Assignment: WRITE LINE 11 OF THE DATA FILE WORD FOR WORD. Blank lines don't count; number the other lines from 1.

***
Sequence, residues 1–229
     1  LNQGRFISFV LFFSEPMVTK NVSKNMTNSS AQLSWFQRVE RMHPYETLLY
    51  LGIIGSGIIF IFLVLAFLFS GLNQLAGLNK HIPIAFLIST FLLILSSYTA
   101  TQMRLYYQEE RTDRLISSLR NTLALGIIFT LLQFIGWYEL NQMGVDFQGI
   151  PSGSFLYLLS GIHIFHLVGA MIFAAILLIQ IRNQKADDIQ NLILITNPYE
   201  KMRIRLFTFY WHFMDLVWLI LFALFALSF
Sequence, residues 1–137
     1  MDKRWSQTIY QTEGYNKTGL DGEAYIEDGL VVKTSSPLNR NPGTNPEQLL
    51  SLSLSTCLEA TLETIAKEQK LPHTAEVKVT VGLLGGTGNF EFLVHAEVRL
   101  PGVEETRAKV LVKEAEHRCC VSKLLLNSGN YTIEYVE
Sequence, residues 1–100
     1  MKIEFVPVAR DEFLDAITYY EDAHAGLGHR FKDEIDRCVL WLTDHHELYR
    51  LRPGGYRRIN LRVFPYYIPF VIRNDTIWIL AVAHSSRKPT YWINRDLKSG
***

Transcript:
Sequence, residues 1–100